In addition to once again ravaging olive trees in Italy this spring, the deadly Xylella plant disease is showing signs of spreading further in the Mediterranean olive growing regions.

In a containment zone in Salento, in southern Italy’s Puglia region where the disease wiped out hundreds of olive trees during its initial impact, the number of trees infected with the Xylella fastidiosa bacterium had quadrupled, according to The Olive Oil Times.

The bacterium had spread from its containment zone in the agricultural area of Valle d’Itria to the coastal plain of the Piana degli Olivi Millenari, which was home to some of the oldest olive trees in Puglia, and there were fears that it would make its way further inland.

Elsewhere in the Mediterranean, Spanish authorities had reported that they had found a Xylella infected olive tree on Spanish mainland near Madrid.

The disease had earlier been discovered on the Balearic island of Mallorca, according to Xylella expert Alexander Purcell from the University of California at Berkeley.

“Subsequently, other strains of Xylella were found in all of the other Balearic Islands, indicating that the bacterium must have been independently introduced at least several times,” he told The Olive Oil Times.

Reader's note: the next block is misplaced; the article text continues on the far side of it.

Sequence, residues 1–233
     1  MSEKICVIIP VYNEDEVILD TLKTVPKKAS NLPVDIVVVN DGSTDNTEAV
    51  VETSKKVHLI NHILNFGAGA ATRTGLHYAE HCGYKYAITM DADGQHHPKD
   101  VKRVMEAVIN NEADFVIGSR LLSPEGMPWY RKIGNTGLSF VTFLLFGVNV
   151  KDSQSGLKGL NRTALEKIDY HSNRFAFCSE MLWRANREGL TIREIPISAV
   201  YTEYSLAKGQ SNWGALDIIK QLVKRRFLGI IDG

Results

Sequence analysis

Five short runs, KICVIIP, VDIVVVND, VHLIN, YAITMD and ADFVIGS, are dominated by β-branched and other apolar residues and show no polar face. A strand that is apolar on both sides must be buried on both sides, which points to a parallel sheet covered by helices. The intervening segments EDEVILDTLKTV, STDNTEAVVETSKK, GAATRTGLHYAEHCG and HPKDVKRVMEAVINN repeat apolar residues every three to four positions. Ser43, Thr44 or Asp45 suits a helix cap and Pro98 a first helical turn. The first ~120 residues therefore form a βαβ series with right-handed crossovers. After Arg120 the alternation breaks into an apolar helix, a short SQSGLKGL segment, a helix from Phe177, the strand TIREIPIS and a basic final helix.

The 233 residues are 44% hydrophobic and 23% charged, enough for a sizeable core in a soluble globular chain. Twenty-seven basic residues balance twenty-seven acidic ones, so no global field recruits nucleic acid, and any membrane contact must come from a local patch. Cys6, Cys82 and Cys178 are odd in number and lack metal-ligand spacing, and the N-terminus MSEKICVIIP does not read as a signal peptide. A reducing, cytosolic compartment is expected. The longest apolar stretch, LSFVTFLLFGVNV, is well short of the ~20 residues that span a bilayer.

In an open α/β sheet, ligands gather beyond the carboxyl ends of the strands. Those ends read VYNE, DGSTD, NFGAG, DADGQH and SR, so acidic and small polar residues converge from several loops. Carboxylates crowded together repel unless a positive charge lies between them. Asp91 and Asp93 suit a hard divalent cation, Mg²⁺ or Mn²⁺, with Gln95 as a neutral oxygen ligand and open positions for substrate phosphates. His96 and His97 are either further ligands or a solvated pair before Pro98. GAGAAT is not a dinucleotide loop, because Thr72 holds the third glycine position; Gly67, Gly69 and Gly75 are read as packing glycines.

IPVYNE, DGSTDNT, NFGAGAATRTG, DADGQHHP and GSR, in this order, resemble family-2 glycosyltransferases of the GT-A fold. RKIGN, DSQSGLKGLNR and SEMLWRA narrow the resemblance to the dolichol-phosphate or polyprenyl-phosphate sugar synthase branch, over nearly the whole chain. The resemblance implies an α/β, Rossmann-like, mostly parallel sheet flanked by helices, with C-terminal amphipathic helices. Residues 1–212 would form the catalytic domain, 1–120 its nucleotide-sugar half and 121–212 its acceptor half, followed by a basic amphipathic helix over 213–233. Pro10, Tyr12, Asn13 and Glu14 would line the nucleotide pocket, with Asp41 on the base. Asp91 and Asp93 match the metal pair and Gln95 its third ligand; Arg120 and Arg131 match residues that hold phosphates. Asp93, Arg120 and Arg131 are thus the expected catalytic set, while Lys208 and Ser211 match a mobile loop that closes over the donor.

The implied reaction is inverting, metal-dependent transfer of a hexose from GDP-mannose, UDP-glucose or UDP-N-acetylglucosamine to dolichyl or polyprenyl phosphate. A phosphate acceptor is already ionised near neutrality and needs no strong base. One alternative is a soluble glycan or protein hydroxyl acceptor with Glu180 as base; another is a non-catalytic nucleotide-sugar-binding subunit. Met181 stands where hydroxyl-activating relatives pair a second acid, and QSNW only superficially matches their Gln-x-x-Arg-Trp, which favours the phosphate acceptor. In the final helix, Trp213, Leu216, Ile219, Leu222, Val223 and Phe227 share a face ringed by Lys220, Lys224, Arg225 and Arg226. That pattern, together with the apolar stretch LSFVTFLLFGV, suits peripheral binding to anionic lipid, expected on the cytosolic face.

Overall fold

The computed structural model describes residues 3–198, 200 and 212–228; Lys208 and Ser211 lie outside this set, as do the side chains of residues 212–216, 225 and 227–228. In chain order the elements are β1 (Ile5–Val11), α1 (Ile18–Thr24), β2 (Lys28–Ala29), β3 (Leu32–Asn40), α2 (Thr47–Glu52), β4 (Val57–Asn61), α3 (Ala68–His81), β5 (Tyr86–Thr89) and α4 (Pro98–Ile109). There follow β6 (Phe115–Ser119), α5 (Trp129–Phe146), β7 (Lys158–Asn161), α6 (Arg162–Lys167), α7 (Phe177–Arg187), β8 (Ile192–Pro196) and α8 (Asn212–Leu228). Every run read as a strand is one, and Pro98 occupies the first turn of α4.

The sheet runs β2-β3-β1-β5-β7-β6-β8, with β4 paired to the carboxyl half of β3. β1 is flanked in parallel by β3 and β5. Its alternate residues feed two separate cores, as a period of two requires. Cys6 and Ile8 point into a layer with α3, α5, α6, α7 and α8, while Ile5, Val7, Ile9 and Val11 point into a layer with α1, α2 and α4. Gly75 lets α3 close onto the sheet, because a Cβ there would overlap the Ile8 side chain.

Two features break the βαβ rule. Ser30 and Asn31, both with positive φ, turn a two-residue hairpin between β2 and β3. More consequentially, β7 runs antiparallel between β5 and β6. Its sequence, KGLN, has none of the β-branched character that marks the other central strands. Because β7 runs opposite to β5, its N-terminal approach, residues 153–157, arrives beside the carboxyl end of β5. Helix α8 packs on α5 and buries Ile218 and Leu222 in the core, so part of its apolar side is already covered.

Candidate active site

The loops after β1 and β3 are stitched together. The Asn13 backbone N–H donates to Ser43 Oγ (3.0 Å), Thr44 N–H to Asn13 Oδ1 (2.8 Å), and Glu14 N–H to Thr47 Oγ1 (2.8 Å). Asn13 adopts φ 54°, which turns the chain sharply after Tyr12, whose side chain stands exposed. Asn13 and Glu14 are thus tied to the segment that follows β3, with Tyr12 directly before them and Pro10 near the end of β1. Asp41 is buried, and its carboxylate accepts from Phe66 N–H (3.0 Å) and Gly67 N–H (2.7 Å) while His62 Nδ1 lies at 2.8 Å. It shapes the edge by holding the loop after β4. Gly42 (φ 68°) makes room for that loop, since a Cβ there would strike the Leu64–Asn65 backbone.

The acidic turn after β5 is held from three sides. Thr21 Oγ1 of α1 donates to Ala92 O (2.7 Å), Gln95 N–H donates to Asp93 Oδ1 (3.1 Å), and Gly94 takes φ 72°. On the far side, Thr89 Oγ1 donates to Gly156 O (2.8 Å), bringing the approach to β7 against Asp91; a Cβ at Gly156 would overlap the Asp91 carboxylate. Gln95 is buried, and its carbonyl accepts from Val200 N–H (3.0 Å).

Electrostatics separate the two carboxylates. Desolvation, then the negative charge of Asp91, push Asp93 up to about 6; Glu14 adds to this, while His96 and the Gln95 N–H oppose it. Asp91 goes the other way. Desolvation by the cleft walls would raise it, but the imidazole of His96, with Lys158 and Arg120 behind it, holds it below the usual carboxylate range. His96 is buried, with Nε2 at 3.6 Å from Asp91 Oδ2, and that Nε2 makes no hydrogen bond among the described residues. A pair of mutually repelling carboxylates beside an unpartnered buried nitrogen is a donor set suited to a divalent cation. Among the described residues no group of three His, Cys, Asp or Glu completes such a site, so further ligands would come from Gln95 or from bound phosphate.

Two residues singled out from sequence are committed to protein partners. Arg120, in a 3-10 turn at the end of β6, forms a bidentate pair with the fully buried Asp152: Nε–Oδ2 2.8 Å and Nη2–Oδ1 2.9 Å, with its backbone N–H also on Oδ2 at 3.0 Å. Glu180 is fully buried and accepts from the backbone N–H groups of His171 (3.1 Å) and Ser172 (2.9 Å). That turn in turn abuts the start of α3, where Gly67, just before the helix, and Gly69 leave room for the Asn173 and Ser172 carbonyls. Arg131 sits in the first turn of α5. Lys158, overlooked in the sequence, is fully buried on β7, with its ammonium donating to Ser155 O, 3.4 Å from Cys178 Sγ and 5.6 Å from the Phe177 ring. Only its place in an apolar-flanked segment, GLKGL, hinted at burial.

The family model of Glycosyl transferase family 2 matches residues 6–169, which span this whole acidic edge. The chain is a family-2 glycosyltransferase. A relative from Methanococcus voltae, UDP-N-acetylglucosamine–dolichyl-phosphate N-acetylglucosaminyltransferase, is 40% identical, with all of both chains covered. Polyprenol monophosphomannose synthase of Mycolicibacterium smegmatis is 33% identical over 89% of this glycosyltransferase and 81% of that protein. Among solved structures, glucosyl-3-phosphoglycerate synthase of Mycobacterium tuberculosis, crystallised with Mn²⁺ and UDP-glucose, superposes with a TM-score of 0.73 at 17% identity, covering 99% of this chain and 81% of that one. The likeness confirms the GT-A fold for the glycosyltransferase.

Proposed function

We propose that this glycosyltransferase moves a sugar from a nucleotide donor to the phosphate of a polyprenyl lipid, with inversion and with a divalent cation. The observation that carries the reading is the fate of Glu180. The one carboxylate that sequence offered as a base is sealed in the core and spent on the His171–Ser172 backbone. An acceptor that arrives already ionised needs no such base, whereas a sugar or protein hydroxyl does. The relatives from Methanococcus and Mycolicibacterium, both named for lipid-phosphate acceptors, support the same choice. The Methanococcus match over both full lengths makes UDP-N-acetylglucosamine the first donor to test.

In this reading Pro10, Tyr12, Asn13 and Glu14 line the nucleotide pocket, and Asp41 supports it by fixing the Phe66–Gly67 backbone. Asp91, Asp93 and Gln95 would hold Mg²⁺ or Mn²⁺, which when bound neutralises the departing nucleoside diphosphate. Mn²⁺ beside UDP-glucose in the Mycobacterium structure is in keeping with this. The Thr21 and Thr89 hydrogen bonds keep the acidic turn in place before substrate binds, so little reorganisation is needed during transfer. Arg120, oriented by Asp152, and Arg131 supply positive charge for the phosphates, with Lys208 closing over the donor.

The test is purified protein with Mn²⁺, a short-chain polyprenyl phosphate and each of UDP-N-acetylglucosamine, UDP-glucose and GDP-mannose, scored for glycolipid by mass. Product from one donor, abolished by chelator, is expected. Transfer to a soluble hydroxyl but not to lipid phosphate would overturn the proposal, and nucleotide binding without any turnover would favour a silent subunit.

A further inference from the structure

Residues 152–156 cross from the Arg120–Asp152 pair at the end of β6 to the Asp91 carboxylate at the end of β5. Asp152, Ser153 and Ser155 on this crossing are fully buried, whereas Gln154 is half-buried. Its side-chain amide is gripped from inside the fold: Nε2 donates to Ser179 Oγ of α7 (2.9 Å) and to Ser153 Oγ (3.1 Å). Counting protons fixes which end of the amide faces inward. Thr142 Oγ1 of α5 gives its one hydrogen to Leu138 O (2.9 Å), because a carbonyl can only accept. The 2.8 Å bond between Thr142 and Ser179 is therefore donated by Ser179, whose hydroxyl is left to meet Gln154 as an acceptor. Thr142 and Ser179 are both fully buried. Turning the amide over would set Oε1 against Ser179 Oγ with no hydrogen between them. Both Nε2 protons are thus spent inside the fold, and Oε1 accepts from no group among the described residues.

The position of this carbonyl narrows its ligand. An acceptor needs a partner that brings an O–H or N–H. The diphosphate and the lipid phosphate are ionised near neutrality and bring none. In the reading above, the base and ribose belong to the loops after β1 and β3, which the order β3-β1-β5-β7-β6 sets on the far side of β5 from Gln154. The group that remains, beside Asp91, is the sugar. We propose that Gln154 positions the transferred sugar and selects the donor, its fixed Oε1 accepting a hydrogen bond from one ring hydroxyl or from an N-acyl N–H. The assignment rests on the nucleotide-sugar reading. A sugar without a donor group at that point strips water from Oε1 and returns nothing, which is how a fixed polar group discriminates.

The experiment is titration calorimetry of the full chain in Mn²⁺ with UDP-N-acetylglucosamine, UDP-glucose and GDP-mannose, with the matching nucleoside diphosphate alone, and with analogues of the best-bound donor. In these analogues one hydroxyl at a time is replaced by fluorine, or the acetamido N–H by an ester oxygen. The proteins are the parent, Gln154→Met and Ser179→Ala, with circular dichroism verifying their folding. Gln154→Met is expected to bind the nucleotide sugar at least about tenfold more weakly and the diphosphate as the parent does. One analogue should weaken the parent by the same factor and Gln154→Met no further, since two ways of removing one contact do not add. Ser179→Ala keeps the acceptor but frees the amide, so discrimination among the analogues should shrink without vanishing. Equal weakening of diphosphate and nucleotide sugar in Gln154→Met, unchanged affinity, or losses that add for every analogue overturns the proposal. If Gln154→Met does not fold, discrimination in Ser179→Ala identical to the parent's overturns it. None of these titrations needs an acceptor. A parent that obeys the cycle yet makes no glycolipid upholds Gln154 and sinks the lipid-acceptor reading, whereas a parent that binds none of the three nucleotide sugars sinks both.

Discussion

Xylella had also made its first ventures into France this spring, with the Corsica chapter of the Interprofessional Union of Oleiculturists reporting in April that olive trees on the island had been infected.

The disease was found in Corsica and in ornamental plants in the French Riviera earlier in 2015 but, at the time, it had not yet spread to olive trees.

Xylella was introduced into Europe through tropical plant imports from Central America, where it has attacked, among others, citrus, coffee, grape and alfalfa crops.

According to the International Olive Council, the Mediterranean Xylella outbreak led to a global drop in olive oil production last year.